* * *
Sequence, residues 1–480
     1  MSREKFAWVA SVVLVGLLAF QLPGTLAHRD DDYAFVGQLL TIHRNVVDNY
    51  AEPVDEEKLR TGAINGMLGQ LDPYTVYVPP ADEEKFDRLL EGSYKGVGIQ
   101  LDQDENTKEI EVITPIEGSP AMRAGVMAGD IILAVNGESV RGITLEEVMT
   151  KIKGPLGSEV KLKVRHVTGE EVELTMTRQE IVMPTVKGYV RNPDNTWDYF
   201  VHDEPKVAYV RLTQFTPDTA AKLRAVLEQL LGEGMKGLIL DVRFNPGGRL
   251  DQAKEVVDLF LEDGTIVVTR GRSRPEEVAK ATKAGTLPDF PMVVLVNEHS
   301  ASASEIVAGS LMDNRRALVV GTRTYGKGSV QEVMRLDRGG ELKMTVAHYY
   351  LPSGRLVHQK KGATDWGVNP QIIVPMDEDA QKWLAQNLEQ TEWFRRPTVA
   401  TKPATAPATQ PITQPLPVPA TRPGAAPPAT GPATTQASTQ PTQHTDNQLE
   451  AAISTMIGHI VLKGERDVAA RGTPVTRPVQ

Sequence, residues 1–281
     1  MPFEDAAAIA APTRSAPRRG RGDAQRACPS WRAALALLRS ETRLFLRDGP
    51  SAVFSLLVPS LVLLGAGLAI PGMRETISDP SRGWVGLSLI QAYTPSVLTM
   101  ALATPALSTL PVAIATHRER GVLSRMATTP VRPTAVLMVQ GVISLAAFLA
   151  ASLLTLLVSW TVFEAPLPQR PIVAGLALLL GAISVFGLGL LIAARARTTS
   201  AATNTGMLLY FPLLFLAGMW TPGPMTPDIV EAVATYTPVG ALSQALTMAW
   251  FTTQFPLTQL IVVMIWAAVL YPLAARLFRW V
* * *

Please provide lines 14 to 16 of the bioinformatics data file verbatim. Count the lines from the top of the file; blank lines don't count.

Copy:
    51  SAVFSLLVPS LVLLGAGLAI PGMRETISDP SRGWVGLSLI QAYTPSVLTM
   101  ALATPALSTL PVAIATHRER GVLSRMATTP VRPTAVLMVQ GVISLAAFLA
   151  ASLLTLLVSW TVFEAPLPQR PIVAGLALLL GAISVFGLGL LIAARARTTS